First Nations and Mining

first nations and miningFirst Nations and Mining: Canadian Supreme Court Ruling for First Nations

The First Nations are now armed with a Supreme Court ruling. Mining companies are taking notice of this. The Tahltan First Nation announced that they are planning a title and aboriginal rights claim. This announcement came hours after the Tsilhqot’in First Nation received their ruling. Both tribes are fighting against the construction of mines on their land.

The Supreme Court Ruling

The Supreme Court’s landmark history-making ruling confirms that the Tsilhqot’in’s have title to their traditional territory land. It also finds that the government of British Columbia violated its fiduciary responsibility when it distributed licenses to harvest timber in Tsilhqot’in land in 1983.

Chief Joe Alphonse spoke about the ruling saying that this brings them one step closer to being independent, without living on handouts. The Tsilhqot’ins are the first Indians in Canada to own their own land. Furthermore, they wish to be free to govern their own people independently. It is likely that more cases are pending, or are going to be started, by tribes throughout Canada. The tribe’s hope is to use the Supreme Court ruling to put a stop to the construction of the New Prosperity copper mine on their land, which was proposed by Taseko Mines.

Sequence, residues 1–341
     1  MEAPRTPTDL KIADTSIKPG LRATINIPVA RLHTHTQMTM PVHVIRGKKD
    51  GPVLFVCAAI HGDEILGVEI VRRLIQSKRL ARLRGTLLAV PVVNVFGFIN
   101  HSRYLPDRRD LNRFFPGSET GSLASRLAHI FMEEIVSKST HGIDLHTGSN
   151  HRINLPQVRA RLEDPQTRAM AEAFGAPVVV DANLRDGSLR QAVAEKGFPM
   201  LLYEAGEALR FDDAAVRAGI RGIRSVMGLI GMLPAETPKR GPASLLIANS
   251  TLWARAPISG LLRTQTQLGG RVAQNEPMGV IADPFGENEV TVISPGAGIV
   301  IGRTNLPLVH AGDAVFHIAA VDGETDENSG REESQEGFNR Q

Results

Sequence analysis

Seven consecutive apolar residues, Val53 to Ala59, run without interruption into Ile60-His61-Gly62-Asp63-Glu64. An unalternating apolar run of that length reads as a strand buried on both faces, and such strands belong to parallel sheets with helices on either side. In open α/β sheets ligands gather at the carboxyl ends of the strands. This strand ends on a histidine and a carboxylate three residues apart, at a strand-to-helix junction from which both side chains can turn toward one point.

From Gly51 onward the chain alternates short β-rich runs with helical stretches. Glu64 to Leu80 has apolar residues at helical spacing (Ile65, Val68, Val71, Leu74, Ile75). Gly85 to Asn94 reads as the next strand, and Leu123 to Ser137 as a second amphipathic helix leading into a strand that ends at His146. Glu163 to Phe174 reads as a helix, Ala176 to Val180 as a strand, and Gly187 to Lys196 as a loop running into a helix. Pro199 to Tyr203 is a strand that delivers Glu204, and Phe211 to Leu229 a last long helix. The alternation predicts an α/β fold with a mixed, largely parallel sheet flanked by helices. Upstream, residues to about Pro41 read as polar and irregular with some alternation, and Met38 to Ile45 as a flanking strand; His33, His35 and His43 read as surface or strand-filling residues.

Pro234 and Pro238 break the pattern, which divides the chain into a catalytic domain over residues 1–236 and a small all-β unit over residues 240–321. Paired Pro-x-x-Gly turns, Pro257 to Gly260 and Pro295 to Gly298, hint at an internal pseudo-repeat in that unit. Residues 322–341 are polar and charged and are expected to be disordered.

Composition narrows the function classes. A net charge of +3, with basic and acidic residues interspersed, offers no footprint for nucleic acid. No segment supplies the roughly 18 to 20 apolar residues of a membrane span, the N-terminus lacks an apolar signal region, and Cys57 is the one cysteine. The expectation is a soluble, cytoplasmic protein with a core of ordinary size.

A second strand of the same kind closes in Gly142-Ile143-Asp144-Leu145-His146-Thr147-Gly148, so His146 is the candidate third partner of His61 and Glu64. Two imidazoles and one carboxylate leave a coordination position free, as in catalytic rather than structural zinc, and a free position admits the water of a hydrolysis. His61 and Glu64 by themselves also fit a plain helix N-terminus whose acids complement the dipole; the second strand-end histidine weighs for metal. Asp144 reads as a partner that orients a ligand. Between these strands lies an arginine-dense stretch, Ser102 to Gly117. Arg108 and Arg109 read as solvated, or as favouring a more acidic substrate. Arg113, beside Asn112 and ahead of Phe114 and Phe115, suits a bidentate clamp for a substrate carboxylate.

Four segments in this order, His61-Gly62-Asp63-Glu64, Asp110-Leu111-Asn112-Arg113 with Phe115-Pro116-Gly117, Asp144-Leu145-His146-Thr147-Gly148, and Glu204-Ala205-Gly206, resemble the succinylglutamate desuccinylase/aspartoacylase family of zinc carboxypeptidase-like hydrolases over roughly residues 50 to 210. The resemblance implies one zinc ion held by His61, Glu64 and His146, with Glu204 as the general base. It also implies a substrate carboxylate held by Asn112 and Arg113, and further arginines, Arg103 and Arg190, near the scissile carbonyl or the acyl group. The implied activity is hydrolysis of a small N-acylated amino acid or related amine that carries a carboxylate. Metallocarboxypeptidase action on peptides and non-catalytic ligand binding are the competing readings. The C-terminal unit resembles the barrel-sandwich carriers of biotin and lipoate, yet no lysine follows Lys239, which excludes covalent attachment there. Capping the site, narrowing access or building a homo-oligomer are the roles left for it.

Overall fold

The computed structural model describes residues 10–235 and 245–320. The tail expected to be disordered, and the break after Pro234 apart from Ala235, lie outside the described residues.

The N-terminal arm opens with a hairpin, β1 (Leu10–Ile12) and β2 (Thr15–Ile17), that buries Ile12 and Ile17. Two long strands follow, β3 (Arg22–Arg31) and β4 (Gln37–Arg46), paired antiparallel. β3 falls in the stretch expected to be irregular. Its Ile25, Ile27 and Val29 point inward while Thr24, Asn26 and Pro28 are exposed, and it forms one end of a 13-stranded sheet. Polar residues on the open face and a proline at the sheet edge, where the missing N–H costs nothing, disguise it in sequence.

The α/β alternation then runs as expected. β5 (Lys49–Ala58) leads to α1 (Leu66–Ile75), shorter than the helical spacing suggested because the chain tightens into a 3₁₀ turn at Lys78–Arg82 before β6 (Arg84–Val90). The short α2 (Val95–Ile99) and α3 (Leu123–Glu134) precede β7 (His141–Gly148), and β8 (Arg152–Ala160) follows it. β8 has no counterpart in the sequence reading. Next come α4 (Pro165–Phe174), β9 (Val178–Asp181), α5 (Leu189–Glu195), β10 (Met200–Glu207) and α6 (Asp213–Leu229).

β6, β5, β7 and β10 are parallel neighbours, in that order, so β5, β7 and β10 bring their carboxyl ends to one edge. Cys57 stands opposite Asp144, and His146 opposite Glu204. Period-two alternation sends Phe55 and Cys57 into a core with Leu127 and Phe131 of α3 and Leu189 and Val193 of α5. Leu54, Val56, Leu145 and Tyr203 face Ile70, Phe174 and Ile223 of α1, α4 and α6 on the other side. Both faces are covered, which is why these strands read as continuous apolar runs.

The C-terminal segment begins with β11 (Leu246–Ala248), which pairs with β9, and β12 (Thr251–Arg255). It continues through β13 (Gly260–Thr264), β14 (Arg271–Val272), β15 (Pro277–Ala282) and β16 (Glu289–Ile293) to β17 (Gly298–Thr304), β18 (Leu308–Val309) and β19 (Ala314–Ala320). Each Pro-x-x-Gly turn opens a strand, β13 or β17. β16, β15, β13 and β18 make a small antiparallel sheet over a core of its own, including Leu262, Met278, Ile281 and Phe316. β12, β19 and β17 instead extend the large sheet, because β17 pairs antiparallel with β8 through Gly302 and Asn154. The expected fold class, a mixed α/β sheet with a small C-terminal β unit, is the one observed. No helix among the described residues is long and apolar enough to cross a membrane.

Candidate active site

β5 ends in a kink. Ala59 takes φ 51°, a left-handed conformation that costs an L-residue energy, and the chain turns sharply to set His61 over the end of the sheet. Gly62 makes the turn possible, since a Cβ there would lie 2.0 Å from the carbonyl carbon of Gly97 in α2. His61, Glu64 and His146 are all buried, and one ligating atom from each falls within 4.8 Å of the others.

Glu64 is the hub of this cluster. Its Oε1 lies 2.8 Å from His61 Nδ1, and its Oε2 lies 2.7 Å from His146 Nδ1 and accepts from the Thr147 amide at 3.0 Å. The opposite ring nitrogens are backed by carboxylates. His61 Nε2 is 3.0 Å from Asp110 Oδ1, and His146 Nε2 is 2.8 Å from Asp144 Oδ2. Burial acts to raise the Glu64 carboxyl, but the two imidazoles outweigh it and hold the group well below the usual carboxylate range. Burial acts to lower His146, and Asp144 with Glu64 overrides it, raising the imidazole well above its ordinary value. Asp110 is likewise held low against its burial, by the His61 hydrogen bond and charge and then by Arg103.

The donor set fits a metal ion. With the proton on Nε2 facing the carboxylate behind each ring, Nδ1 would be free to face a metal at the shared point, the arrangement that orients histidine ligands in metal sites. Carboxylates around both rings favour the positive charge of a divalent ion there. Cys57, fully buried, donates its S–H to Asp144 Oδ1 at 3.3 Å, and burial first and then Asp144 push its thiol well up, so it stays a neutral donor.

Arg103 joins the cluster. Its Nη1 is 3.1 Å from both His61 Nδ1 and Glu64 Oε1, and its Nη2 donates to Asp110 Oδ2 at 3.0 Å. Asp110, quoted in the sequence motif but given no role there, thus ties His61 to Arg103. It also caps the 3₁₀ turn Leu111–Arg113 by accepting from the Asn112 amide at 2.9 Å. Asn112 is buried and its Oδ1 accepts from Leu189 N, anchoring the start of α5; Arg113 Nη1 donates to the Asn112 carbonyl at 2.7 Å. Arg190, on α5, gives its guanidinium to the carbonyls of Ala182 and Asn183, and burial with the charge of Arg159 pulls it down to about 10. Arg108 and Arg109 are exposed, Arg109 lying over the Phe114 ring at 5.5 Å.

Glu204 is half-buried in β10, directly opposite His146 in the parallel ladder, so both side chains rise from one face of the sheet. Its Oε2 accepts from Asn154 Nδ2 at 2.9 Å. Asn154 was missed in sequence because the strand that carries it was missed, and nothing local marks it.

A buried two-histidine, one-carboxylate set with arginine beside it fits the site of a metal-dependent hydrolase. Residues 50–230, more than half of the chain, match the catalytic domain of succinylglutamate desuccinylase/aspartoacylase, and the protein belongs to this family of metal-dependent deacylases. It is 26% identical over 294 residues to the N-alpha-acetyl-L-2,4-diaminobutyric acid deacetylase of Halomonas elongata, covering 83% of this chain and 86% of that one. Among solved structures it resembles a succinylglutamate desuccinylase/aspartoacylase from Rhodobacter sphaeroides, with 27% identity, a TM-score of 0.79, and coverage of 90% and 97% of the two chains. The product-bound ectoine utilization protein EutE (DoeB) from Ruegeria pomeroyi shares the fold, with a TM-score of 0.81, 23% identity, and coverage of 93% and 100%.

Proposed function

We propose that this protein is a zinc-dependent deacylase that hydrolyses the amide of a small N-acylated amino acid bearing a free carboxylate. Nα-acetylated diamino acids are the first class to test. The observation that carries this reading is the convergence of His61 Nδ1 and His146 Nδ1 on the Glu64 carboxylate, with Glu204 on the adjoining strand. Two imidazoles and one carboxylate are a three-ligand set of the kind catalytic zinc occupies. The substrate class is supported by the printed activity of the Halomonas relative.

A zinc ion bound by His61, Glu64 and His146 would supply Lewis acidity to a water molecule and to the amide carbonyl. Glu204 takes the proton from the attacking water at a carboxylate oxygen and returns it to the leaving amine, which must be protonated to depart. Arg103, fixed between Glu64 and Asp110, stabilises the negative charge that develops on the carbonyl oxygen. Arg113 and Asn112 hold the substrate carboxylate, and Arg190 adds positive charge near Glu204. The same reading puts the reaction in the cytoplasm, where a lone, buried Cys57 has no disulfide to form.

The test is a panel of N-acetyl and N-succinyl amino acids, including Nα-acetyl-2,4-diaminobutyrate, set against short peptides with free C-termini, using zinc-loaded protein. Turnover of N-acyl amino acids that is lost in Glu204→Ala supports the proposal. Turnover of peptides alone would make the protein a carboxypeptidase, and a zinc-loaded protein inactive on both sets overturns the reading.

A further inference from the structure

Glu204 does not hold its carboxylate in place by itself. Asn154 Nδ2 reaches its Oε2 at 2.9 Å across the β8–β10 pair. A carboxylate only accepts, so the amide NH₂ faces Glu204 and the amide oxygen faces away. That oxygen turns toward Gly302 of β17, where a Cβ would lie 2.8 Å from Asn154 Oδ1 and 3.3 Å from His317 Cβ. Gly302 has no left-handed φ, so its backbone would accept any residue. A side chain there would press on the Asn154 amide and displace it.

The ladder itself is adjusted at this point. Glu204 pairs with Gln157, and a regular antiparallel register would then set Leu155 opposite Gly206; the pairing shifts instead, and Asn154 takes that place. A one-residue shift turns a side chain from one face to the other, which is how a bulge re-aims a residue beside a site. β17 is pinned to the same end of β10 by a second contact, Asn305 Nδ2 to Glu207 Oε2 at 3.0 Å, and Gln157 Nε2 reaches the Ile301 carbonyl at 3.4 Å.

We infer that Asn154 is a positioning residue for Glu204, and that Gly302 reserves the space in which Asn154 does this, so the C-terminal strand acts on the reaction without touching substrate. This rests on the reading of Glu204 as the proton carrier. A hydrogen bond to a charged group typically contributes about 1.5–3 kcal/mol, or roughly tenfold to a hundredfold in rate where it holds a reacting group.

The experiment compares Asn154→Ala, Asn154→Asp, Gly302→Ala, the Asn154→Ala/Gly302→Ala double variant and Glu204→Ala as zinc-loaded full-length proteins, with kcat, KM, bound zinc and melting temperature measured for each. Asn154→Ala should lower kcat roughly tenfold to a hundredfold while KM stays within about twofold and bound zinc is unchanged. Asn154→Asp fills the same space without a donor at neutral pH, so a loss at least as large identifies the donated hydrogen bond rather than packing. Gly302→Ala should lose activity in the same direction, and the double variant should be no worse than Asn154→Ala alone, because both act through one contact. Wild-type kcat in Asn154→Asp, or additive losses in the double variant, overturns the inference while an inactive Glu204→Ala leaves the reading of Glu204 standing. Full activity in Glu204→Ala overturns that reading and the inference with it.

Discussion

The Tahltan have the same thing in mind. They want to stop Fortune Minerals’ proposed Arctos Anthracite Coal project. The president of the Tahltan Central Council, Annita McPhee, expressed her gratitude for the Tsilhqot’in people. She stated that it was a historical day for the First Nations people of Canada. The Arctos Anthracite Coal project is in Sacred Headwaters, which is considered to be a traditional hunting ground for the Tahlton tribe. They do not want any development in that area. McPhee says that she has tried to get Fortune Minerals to stop, but said they will not listen. So, she and her tribe will fight them legally.

Canadian Mining Companies

This Supreme Court ruling means that Canadian mining companies, looking to start mining projects on First Nations land, may have to look elsewhere. The Tahlton tribe has already hired a lawyer to prepare their claim to receive the same recognition that the Tsilhqot’in was granted from the Supreme Court. Since it has been ruled in favor of the Tsilhqot’in tribe, it is likely that more tribes will win recognition for their land as well.

However, this will not restrict mining companies from starting projects on all First Nations land in Canada. The Tahlton are negotiating with Imperial Metals for an agreement on the Red Chris Mine. It is scheduled for commissioning in August. The tribes are not looking to put a stop to all mining on their land, but simply wish to be able to govern their own region. The First Nations people have been empowered to express their needs with this ruling. Canadian mining companies, who currently have mines on First Nations land, might want to negotiate with the tribes to avoid future problems.